Genki ML Format
Models are exported using the
genkiml CLI. The input is a model/checkpoint file and the output is the exported version of the model along with C++ code to run and easily integrate it in an existing codebase. This tool supports PyTorch models.
As PyTorch has dynamic graph structures, the exported PyTorch model/checkpoints files do not have self-contained models (unlike for example Keras and ONNX models). Therefore, a PyTorch model first has to be exported into a static graph representation, such as
onnx before running it through
After installing the required packages (see Installation CLI) run
python genkiml.py path/to/model
This will output a zip archive to the desired
--output-path, or if none is provided into the current folder. Converting from PyTorch
Example using a PyTorch model
Working with PyTorch models is slightly more involved since it requires a stage to export the dynamic model, but still straight forward.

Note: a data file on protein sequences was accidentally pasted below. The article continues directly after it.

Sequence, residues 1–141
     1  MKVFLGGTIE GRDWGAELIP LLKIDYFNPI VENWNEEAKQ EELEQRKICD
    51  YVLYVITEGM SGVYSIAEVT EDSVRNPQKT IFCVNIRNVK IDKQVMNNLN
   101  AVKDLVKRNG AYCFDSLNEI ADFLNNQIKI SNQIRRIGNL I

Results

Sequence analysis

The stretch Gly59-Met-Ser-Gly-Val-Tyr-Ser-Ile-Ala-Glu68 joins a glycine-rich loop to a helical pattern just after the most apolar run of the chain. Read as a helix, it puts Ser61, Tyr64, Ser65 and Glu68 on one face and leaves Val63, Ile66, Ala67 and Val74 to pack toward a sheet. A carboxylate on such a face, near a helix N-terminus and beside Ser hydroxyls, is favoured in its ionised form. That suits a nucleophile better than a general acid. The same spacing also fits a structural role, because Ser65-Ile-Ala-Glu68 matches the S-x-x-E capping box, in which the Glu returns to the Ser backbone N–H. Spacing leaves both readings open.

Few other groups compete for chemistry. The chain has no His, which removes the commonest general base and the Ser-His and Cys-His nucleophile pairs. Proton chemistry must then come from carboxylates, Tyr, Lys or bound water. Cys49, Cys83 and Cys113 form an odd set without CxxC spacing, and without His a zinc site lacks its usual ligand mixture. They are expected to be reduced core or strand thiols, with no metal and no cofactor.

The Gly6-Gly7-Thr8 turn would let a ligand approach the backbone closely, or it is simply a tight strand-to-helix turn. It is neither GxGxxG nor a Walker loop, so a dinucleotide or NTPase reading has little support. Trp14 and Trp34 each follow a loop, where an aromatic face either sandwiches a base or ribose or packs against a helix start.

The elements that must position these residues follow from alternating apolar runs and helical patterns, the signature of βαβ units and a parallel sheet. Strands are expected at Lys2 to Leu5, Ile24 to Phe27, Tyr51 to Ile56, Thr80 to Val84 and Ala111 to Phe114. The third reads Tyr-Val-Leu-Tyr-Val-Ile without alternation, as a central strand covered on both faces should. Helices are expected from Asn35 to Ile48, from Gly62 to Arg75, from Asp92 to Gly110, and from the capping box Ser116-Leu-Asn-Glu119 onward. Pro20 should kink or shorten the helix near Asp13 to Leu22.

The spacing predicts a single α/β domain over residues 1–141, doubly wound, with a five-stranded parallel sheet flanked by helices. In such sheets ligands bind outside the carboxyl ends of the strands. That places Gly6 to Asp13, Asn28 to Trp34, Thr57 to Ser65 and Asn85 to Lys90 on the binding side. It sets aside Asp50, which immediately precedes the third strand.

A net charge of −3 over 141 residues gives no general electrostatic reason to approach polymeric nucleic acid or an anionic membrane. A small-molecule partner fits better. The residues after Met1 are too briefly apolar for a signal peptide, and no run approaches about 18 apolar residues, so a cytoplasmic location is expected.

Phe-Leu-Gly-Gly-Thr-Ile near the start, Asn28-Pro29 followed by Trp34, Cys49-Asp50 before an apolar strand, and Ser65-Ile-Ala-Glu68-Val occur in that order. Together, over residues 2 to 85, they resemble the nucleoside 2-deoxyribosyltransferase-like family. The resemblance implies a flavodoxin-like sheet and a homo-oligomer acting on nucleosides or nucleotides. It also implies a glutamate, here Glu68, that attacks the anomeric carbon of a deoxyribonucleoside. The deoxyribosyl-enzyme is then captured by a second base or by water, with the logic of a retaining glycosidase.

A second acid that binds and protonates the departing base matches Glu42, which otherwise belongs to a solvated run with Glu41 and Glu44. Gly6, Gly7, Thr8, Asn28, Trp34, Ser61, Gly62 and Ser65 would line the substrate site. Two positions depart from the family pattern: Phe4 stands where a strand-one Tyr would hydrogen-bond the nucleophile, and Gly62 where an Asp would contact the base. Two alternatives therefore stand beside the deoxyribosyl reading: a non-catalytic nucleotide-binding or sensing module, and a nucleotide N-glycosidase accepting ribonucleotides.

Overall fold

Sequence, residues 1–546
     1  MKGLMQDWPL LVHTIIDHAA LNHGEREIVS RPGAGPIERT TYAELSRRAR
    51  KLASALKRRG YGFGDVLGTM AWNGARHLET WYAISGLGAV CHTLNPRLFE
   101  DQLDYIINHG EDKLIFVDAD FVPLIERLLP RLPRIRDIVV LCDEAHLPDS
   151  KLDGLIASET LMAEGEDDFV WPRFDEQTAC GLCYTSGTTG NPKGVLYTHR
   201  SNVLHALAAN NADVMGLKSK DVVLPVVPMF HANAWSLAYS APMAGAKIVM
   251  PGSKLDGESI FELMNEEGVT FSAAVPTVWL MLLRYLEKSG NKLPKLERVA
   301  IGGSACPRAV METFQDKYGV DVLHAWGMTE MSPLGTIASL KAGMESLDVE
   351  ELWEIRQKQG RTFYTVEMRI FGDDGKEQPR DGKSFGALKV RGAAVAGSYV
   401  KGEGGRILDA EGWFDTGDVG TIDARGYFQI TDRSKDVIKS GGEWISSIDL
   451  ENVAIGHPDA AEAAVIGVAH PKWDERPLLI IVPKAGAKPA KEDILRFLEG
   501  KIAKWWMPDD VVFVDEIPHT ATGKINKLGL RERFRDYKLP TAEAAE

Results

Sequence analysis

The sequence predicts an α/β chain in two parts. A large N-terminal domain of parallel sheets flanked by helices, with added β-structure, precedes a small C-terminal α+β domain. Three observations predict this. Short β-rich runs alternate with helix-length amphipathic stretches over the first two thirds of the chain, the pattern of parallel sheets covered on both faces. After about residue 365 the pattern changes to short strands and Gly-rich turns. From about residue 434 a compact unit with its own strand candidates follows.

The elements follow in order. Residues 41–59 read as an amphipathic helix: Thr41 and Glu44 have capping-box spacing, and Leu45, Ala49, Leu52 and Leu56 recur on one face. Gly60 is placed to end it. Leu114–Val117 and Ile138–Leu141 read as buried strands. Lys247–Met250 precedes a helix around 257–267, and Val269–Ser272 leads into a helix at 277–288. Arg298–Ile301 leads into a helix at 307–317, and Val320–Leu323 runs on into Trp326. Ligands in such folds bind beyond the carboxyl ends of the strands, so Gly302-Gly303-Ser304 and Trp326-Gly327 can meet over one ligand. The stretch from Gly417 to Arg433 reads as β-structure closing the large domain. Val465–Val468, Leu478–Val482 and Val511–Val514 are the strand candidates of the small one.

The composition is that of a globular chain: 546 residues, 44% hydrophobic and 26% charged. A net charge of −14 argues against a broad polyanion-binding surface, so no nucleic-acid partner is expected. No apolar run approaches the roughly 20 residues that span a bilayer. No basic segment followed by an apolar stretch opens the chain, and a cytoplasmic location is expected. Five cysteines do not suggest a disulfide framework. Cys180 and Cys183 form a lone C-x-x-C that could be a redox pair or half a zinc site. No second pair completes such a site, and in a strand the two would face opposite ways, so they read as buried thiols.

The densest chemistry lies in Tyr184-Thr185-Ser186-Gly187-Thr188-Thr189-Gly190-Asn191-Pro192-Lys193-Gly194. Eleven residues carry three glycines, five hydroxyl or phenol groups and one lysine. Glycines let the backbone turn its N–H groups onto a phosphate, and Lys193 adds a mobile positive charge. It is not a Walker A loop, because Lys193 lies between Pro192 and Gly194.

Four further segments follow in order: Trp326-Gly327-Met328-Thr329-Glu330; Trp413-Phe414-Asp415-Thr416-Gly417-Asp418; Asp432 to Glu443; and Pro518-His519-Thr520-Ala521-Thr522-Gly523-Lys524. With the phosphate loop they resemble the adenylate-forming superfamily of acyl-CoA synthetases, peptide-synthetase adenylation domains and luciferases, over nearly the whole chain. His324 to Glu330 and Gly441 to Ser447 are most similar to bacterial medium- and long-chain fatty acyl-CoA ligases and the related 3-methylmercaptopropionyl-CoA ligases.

import torch from torch import nn class MinimalModel(nn.Module): def __init__(self): super().__init__() self.lin0 = nn.Linear(in_features=100, out_features=256) self.lin1 = nn.Linear(in_features=256, out_features=256) self.lin2 = nn.Linear(in_features=256, out_features=2) self.act = nn.ReLU() def forward(self, x): y = self.lin0(x) y = self.act(y) y = self.lin1(y) y = self.act(y) y = self.lin2(y) return y model = MinimalModel() example_input = torch.rand(1, 100) traced = torch.jit.trace(model, (torch.rand(1, 100))) traced.save("fully_connected_pytorch_model.pt")
After saving the model, simply run the command line interface. Note that the user needs to explicitly supply the input shape for
python genkiml.py fully_connected_pytorch_model.pt --input-shape 1 100
This will output a file in the current folder,
genkiml_cpp.zip, that contains the exported model along with the runtime.